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Last Updated: Saturday, 13 December, 2003, 00:47 GMT
Consumers 'snub unhealthy brands'
Walkers crisps
Walkers lost sales overall but its Sensation range gained
Leading brands in so-called unhealthy foods have suffered a dip in sales, according to trade magazine The Grocer.

There are signs that Kit Kat, Walkers Crisps and Kellogg's Frosties have been losing customers to brands they think are healthier, claims the study.

Sunny D lost 30% of sales despite a 7.5m campaign to counter perceptions of the drink as sugary, it says.

Kath Dalmeny, of the Food Commission, said people were "getting wise to what is in some of these products."

The report into the UK's top products was published on Saturday.

It says Britons spend more on crisps than all the other major European countries put together.

Top Products Survey
Nestle Kit Kat down 9.1%
Twix down 4.3%
Total chocolate up 0.2%
Walkers Crisps down 2.1%
Sunny D down 30%
Diet Coke up 4.5%
Mineral water up 21%
*last 12 months, figures from The Grocer
And sales of crisps increased last year by 2.2% to just over 2bn.

But Walkers Crisps, the country's leading brand, experienced a sales loss of 2.1% to 510m.

Sunny D was worth around 150m a year at the end of the 1990s but sales over the past year fell from 37.9m to 26.6m.

Sunny D manufacturer Procter and Gamble, which considered selling the brand, said in a statement: "The relaunch of the brand in June has shown some strong positive business results, with brand share stable or up throughout 2003."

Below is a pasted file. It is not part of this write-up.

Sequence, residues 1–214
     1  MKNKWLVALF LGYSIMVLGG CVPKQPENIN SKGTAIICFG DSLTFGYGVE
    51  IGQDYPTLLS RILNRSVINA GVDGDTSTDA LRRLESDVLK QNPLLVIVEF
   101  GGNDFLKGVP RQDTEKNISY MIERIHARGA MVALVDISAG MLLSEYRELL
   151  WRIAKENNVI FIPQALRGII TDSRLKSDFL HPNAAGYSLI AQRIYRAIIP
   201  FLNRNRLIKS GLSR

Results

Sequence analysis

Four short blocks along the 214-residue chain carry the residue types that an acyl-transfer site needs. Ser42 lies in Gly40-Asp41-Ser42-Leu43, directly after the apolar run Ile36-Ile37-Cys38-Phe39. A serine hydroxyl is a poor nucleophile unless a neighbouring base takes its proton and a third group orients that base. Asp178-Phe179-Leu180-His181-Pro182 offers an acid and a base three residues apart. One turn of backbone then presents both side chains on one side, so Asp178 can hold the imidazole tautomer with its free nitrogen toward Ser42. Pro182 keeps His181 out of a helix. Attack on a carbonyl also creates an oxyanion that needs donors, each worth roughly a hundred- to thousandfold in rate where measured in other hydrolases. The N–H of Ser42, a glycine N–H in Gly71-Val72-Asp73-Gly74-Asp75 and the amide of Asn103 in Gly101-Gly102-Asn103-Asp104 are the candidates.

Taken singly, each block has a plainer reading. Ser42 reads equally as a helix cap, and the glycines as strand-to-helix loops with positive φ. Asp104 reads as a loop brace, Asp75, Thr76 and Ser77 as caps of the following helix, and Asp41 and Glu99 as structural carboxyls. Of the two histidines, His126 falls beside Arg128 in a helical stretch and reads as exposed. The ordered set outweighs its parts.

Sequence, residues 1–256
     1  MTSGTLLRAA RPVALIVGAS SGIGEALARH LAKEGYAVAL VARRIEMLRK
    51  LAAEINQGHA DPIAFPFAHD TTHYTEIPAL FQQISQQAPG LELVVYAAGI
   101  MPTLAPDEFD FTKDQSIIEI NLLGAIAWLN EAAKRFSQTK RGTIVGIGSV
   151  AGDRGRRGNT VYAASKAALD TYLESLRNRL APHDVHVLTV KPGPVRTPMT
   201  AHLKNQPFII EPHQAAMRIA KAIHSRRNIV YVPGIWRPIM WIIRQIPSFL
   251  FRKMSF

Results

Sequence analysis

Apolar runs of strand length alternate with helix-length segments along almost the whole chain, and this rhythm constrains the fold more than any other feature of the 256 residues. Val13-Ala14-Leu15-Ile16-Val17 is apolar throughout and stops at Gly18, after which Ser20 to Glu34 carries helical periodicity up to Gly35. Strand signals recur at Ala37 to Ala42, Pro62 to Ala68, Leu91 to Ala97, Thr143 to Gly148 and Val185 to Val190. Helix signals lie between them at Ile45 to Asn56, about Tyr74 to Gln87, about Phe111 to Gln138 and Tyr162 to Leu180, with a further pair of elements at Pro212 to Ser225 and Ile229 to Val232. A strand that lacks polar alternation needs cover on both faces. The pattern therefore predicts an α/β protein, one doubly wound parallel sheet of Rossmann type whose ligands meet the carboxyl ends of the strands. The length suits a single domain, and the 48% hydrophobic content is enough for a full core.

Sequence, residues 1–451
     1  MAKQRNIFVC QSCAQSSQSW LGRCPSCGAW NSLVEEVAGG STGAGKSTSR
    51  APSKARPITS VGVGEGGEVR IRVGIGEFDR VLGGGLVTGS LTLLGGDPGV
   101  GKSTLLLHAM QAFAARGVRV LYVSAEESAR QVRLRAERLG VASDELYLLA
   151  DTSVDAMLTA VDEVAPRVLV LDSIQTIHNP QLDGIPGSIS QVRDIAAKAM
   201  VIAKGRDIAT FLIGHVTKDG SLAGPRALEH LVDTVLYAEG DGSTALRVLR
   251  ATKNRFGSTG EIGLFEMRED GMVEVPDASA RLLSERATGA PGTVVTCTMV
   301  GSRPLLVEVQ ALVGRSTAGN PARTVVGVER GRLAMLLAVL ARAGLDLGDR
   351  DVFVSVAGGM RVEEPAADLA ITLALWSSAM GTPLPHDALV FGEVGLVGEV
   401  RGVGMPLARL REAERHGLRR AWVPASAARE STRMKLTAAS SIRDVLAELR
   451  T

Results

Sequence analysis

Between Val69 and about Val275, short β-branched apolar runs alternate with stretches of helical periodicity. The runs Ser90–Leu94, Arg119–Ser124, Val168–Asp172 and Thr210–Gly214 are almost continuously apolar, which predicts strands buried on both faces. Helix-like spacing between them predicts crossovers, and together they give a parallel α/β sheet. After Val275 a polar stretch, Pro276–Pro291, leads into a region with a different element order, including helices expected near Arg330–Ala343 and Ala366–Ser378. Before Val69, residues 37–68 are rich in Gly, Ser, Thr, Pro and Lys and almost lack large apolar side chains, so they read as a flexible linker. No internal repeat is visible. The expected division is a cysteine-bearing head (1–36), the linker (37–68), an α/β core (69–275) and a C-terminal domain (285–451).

It shows that health issues have really kicked in
Keith Wells
Brand consultancy Dragon
Campaigners have criticised breakfast cereals as being too high in sugar content.

The survey claimed sales of Kellogg's Frosties fell 7.4% from 43.7m to 40.4m, although Kellogg's Coco Pops were up 1.9%.

Sales of Diet Coke have overtaken the standard version for the first time, increasing 16%.

Keith Wells, director at brand consultancy Dragon, said: "Some of the figures are surprising, particularly the dip for brands like Kit Kat, but it shows that health issues have really kicked in."

Kath Dalmeny, from healthy eating campaign group the Food Commission, said: "The results show that people are getting wise to what is in some of these products."

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